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Dealing with chronic pain: giving voice to the experiences of mothers with chronic pain and their children

Evans, Subhadra and de Souza, Lorraine 2008, Dealing with chronic pain: giving voice to the experiences of mothers with chronic pain and their children, Qualitative health research, vol. 18, no. 4, pp. 489-500, doi: 10.1177/1049732308315433.

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Title Dealing with chronic pain: giving voice to the experiences of mothers with chronic pain and their children
Author(s) Evans, Subhadra
de Souza, Lorraine
Journal name Qualitative health research
Volume number 18
Issue number 4
Start page 489
End page 500
Total pages 12
Publisher Sage Publications
Place of publication London, Eng.
Publication date 2008-04
ISSN 1049-7323
Keyword(s) Adult
Child
Child of Impaired Parents
Chronic Disease
Family Health
Female
Humans
Male
Middle Aged
Mother-Child Relations
Pain
Pain Management
Science & Technology
Social Sciences
Technology
Information Science & Library Science
Social Sciences, Interdisciplinary
Social Sciences, Biomedical
Social Sciences - Other Topics
Biomedical Social Sciences
HEALTH POLICY & SERVICES
children
mothering
chronic
parenting
RISK-FACTORS
ADJUSTMENT
BEHAVIORS
ILLNESS
ABILITY
FOCUS
BACK
LIFE
SELF
Summary Despite the substantial monetary, personal, and social cost of chronic pain, research into the family life of sufferers is wanting. Parents dealing with chronic pain, as well as their children, have been particularly neglected. Using qualitative interview data from 16 mothers suffering from a variety of chronic pain conditions, and their 21 children, aged 6 to 12 years, we explored the impact of maternal chronic pain on mothers and children. Consistent with a gains-and-loss theory and the strengths perspective, the findings revealed both positive and challenging aspects of pain. Despite the presence of risks--including maternal stress, parenting difficulties, and children's distress--maternal chronic pain also provided opportunities for growth in many families. The findings suggest that maternal chronic pain can catalyze enhanced development as well as adversity. Researchers and clinicians should be aware of the pitfalls facing families dealing with chronic pain, while remaining open to the possibility that some families might flourish.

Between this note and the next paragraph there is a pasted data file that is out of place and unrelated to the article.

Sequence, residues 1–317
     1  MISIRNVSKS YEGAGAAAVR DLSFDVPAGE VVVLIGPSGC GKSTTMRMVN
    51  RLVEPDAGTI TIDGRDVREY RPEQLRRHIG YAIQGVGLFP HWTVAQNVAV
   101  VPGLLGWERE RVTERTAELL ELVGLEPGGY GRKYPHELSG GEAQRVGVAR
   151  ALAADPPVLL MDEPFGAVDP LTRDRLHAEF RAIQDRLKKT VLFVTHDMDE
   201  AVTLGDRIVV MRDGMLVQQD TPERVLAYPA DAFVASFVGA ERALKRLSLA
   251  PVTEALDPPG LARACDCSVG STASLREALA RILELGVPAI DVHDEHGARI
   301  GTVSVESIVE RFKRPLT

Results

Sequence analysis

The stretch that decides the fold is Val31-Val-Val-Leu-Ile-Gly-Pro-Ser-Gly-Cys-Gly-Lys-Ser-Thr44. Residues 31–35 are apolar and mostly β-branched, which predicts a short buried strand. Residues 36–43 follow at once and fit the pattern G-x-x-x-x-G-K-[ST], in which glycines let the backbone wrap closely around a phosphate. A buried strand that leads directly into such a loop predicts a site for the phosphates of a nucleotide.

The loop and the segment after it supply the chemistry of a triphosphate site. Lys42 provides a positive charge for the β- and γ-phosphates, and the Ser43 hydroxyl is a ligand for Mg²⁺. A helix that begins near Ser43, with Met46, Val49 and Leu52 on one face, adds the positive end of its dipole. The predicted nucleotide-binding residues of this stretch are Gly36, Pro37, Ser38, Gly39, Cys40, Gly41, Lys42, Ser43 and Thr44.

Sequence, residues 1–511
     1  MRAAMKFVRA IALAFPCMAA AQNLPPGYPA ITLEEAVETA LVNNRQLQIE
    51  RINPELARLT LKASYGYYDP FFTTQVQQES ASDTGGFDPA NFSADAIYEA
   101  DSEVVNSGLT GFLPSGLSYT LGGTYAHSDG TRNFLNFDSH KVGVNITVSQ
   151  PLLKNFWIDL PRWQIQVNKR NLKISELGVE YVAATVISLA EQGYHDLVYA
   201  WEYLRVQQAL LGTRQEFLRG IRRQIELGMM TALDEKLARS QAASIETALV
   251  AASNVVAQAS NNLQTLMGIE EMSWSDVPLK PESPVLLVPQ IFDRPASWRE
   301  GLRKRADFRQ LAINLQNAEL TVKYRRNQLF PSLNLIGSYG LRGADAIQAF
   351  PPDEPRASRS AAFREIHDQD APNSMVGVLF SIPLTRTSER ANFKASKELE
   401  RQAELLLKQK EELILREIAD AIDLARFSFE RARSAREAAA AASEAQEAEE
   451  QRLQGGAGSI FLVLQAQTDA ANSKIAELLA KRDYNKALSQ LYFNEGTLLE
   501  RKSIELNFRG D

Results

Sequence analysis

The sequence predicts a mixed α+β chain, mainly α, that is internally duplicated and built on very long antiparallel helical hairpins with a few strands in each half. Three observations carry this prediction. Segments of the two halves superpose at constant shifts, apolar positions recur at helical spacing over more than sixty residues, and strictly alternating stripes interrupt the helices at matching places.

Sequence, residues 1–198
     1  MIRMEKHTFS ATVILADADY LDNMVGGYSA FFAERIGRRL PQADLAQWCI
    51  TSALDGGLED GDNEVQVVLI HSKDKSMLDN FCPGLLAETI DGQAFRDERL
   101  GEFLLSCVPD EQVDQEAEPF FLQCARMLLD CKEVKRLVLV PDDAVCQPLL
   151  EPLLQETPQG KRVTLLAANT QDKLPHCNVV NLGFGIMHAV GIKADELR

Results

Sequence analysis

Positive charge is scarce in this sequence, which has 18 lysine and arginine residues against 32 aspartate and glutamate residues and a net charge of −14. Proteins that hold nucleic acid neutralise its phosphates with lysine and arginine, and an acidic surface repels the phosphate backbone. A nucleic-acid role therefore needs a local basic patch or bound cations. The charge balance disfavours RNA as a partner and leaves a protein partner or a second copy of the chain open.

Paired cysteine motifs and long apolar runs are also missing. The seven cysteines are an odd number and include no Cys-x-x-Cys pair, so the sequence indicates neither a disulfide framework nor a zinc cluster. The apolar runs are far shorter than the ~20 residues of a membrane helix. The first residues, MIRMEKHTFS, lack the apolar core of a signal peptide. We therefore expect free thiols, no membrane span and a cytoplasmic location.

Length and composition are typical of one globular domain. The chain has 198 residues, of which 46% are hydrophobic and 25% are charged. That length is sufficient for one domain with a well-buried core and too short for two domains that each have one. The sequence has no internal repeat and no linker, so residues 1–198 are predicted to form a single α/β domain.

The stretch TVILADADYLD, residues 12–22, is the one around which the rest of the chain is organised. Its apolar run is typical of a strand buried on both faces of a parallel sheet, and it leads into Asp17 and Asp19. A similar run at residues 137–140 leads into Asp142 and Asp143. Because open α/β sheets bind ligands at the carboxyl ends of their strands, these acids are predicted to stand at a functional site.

Language eng
DOI 10.1177/1049732308315433
Field of Research 170199 Psychology not elsewhere classified
Socio Economic Objective 920410 Mental Health
HERDC Research category C1.1 Refereed article in a scholarly journal
ERA Research output type C Journal article
Copyright notice ©2008, Sage Publications
Persistent URL http://hdl.handle.net/10536/DRO/DU:30086941

Document type: Journal Article
Collection: School of Psychology
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